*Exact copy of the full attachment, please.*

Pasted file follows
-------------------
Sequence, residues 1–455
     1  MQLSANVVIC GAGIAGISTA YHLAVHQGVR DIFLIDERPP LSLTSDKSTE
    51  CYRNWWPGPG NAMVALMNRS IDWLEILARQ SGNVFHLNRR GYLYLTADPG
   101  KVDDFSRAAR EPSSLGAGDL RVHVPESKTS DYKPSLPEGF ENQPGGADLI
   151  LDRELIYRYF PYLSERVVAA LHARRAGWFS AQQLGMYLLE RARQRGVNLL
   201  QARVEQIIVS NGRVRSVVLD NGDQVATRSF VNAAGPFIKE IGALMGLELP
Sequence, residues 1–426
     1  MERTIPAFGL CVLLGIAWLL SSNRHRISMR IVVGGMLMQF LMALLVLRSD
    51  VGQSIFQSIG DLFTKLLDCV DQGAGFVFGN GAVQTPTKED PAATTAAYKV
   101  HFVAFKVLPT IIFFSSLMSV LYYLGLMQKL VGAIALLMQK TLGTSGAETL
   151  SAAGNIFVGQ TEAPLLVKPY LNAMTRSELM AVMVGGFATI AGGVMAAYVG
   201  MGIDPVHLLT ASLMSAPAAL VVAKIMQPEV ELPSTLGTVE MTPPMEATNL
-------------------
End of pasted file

Sequence, residues 1–455
     1  MQLSANVVIC GAGIAGISTA YHLAVHQGVR DIFLIDERPP LSLTSDKSTE
    51  CYRNWWPGPG NAMVALMNRS IDWLEILARQ SGNVFHLNRR GYLYLTADPG
   101  KVDDFSRAAR EPSSLGAGDL RVHVPESKTS DYKPSLPEGF ENQPGGADLI
   151  LDRELIYRYF PYLSERVVAA LHARRAGWFS AQQLGMYLLE RARQRGVNLL
   201  QARVEQIIVS NGRVRSVVLD NGDQVATRSF VNAAGPFIKE IGALMGLELP
Sequence, residues 1–426
     1  MERTIPAFGL CVLLGIAWLL SSNRHRISMR IVVGGMLMQF LMALLVLRSD
    51  VGQSIFQSIG DLFTKLLDCV DQGAGFVFGN GAVQTPTKED PAATTAAYKV
   101  HFVAFKVLPT IIFFSSLMSV LYYLGLMQKL VGAIALLMQK TLGTSGAETL
   151  SAAGNIFVGQ TEAPLLVKPY LNAMTRSELM AVMVGGFATI AGGVMAAYVG
   201  MGIDPVHLLT ASLMSAPAAL VVAKIMQPEV ELPSTLGTVE MTPPMEATNL